What are mixed-media videos?
Mixed media videos combine footage with animated elements, infographics and typography to get the best of both worlds.
Mixed media products are a creator’s utopia: basically, you can speak different languages at the same time to make yourself better understood.
What do we mean by that exactly? When creating video content, you will frequently find yourself in a situation where the chosen format lends itself really well to expressing some of your messages but proves a headache for others.
By mixing and matching, you make use of the full range of tools at your disposal to reach your audience.
Why do you need mixed-media videos?
Online attention spans are short. To engage the viewer, you need to give them something that’s easy to digest. If you want to talk about figures, good infographics will do the trick; if you want to talk about people, it may be most effective to let them do the talking. On-screen text is a good way of highlighting keywords and facilitating memorisation of key concepts.
By incorporating animation into live-action videos, you can combine a human touch and the powerful language of images and data visualisation: mixed media videos appeal to different parts of the viewers’ brain to make sure your communication is noticed and remembered.
What will a mixed-media video look like?
A good mixed-media video will use a blend rather than a patchwork of techniques. It is important to ensure visual and stylistic coherence to create a narrative thread to follow and to help your brand be recognised and remembered.
While it can be interesting to switch between infographics and animation, successful mixed media videos often use a combination on screen, adding animated elements onto footage and vice versa.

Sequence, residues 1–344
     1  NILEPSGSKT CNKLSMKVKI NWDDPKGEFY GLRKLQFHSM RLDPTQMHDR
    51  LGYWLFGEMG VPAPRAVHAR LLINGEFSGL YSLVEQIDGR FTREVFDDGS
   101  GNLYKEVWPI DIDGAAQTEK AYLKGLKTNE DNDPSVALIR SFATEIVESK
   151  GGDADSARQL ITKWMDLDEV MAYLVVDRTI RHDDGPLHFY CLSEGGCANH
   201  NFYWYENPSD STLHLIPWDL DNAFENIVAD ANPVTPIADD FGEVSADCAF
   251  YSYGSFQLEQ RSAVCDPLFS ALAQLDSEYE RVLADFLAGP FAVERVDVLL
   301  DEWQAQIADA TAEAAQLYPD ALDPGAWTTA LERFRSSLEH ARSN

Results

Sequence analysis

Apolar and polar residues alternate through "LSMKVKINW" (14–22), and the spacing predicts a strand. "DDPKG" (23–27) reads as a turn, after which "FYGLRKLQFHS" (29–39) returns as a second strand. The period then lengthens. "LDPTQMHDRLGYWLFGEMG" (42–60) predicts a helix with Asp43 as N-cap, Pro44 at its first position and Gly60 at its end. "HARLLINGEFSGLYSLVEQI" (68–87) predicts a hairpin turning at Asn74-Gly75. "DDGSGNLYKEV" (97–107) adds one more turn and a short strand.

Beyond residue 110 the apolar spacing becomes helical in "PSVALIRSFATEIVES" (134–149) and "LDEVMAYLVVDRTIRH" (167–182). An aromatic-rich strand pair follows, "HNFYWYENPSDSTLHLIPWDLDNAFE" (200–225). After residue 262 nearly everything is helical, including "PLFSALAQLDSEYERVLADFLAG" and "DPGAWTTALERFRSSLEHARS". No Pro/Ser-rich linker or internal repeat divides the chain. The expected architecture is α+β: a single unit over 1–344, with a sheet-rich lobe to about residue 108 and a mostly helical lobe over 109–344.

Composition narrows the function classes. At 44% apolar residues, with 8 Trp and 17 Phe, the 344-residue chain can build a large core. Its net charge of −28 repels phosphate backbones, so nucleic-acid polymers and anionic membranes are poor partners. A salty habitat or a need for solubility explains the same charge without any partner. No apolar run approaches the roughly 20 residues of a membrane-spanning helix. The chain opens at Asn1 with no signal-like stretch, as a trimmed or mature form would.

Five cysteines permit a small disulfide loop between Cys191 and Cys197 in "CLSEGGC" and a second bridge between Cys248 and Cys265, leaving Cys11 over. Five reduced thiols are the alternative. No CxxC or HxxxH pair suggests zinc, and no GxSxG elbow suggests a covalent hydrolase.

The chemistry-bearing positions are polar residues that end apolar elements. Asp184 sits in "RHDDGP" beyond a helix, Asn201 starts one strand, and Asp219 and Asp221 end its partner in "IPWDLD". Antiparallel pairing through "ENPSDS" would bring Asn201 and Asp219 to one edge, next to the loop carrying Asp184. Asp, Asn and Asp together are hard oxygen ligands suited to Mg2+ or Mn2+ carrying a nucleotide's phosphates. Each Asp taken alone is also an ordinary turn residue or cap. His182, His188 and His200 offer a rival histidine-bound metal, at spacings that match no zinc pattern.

Text and typography offer many opportunities for creating connections between the two.
Tips for a successful mixed-media video
Here is some expert advice to help you identify the right tools for each aspect of your mixed media video:
- Fill in the gaps. Think of using animation to complement your footage: aspects your interviewee did not explain in full detail, or which are better highlighted with an image, can be added on-screen in an eye-catching way. Be careful however not to try and say too many things at the same time – or you end up leaving the audience confused.
- Bring it to life. This works both ways: a long presentation or interview can be made much more interesting to watch by filling the background with complementary visual elements. On the other hand, having a real person act as a presenter to introduce your animation, adding a personal touch, can make it easier for your audience to relate to it, understand why they should care and get connected to your brand.
- Seeing is believing. So show, don’t tell: if you have a great product, a beautiful venue or enthusiastic staff, get them on camera. But if you have impressive sales or a growing network of agencies worldwide you’d like to show, this will be easier to visualise through an animated infographic or a map.